When I was seven or eight, I remember sitting at the dinner table, glowering at the food in front of me. As my family got ready to eat, I accused my parents of neglecting me and my brother. You’re never around! And other such accusations flew out of my mouth. The moment they were uttered, I could see the raw hurt flash in my father’s eyes.
My parents have loved me and my brother more than anything else in the world. They weren’t home until dinnertime because they were working all the time. Growing up, my mom worked in a clothing factory, her back hunched over a sewing machine from dawn to dusk. Her eyes would go bleary as they watched the needle endlessly pierce cloth under harsh lights. My dad worked as a construction worker and contractor. He often came home with paint, dirt, or wood dust on his shirt and between his nails. He did everything from tearing out walls to reconstructing roofs. My parents were paid probably lower than minimum wage, and this was during the nineties. They slowly chipped away at a mortgage for a house in San Francisco while supporting my grandmother, my brother, and me. Their lives weren’t glamorous and they could barely afford the two gifts I got each year. You’ve probably heard it a million times, but the only reason they came to America was to give me and my brother a better life than they had in China – they had grown up during the communist era, starving through the Great Famine and lacking education beyond middle school.
So why did I think my parents didn’t love us back then, when they so clearly did?
It was because my Asian American household did not resemble the projected “ideal” American family household of love. Asians do not share the same displays of love common to Western society. Asian Americans often feel that their households are distant, cold, and unloving because their parents do not follow the same cultural expectations of love that we Asian Americans are taught in American schools and media. Teachers are extremely important in shaping a child intellectually and emotionally. Children listen to their teachers explain how parents should display their affection for their children, and when these Asian American children return to their homes and do not find these demonstrates of love, they ultimately arrive to the conclusion that they are unloved.
It wasn’t until I was around twelve that my dad said “I love you” for the first time. But the nagging feeling of neglect wasn’t even as big as “I love you”s – it was that our parents never asked, “How was school?” during dinner like we see on TV; it was that Asians were averse to hugging. My parents have learned these things over the years as they went from being Asian immigrants to Asian Americans, but not every immigrant undergoes this change.
Unfortunately, many Asian Americans children, young adults, and adults still grapple with accepting these Asian forms of love because they are surrounded by American love. Are there any repercussions? Asian American women are far more likely to consider and attempt suicide. This New York Times article seems to suggest that these self-loathing tendencies stem from feeling unloved in their Asian American households. So keen on chasing an American idea of love, Asian American women stick to the first person who says “I love you,” and they fall into abusive relationships and even end up in the sex trade. Representing Asian American men, Wesley Yang touches on the struggles of coming to terms with his culturally Asian upbringing and American society in his well-known “Paper Tigers.”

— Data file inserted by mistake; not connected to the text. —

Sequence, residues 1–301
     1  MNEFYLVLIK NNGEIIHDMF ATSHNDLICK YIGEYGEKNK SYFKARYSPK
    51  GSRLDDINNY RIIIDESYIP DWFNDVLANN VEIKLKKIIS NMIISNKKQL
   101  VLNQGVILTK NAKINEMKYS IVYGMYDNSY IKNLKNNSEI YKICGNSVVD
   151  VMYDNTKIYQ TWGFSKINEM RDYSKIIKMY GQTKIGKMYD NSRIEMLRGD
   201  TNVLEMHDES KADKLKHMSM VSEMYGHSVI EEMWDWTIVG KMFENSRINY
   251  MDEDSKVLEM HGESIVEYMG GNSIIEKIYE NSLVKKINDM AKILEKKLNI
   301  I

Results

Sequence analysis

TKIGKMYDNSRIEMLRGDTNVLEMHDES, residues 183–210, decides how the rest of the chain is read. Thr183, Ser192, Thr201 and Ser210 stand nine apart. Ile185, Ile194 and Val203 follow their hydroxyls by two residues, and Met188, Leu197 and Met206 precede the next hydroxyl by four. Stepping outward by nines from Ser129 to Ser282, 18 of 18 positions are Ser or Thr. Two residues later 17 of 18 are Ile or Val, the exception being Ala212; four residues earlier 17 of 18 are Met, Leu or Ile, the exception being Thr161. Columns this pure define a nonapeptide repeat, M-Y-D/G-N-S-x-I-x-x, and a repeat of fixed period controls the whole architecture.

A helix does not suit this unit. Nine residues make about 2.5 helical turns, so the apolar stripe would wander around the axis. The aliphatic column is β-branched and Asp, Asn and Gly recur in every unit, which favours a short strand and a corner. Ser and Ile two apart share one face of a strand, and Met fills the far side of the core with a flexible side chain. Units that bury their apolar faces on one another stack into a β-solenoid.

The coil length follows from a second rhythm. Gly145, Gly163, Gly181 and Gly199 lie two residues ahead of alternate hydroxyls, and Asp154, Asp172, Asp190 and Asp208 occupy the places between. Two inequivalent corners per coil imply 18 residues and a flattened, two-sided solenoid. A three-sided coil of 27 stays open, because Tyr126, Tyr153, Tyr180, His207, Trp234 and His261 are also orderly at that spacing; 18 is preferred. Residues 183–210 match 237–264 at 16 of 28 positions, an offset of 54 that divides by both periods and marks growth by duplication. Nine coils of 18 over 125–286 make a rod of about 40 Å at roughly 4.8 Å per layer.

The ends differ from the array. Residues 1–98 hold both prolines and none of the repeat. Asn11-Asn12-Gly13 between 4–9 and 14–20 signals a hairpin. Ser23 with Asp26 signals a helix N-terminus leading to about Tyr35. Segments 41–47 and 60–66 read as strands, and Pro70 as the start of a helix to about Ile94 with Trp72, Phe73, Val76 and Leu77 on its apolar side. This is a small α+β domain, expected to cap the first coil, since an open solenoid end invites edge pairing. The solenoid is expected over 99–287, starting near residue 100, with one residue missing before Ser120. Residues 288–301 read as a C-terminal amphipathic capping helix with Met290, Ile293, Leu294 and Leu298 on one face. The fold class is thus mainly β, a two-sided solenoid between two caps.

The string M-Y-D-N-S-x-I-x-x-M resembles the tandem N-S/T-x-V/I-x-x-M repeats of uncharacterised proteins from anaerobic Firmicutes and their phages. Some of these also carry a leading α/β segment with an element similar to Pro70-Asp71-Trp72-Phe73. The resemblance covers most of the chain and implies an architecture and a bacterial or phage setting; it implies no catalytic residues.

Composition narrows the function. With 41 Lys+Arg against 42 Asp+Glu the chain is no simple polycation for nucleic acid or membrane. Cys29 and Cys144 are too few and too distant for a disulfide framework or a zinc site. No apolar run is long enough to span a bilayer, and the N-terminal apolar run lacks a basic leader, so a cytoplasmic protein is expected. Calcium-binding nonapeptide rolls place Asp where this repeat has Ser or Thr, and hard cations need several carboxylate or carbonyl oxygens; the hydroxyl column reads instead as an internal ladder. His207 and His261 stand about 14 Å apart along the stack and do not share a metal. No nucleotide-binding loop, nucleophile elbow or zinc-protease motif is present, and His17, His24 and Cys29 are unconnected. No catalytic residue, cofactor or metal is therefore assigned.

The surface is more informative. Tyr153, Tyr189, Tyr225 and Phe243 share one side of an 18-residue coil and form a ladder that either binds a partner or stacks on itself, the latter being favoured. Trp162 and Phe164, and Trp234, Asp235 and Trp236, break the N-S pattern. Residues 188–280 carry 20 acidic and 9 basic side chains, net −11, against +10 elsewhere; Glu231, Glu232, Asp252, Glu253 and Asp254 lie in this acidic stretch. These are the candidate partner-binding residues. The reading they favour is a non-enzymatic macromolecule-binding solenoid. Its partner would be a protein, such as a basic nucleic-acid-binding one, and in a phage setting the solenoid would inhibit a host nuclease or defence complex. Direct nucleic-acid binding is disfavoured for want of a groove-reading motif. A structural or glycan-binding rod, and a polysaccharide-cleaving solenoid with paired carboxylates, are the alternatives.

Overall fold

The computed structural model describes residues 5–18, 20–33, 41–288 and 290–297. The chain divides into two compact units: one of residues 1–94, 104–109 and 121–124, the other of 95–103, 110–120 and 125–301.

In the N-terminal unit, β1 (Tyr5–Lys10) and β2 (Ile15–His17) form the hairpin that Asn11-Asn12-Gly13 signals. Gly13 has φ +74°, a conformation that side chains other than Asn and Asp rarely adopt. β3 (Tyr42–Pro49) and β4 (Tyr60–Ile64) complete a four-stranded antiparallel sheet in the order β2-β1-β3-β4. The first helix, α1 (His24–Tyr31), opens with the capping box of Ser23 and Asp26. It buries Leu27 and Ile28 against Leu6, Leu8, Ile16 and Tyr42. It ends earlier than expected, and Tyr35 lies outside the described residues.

Because many Asian Americans chase after this Americanized idea of love, they interpret their own homes to be cold and negligent. However, it is really less a matter of lacking love, and more a matter of bridging two cultures of love. In Asia, though less touchy-feely and openly sentimental about love or showing love, people display love differently. The biggest struggle is for the Asian American to come to terms with this cultural difference and accept that maybe their parents will never utter the American words “I love you” – but I hope that one day they will hear the Asian “I love you,” even if it’s not in words, a kiss, or a hug. For an Asian parent, love is making sure your child is well-equipped to succeed in life, love is working for the clothes on your back, love is always have dinner together, love is an unbreakable bond between family that doesn’t need to be spoken because it is.
The other side of the coin is how do you show love to an Asian parent? Returning love to an Asian parent means succeeding and, cliché as it sounds, bringing honor to the family. When you fail, you don’t just fail individually, you fail collectively because your parents sacrificed and fought hardships so that you could have a better life. When you don’t listen to their advice (become a doctor or a lawyer), they feel unloved. Growing up in an Asian household in America can be difficult to communicate both ways.
For me, I didn’t have bedtime stories or a kiss on the cheek before drifting off to sleep, but being in America and having food on the table was their way of loving. I look back and feel guilty for believing for even a second that my parents didn’t love us because they love us more than anything in the world. I hope that Asian Americans struggling with these cultural clashes will meet their parents halfway and understand that sometimes it’s not a lack of loving but a difference in cultural expression of love.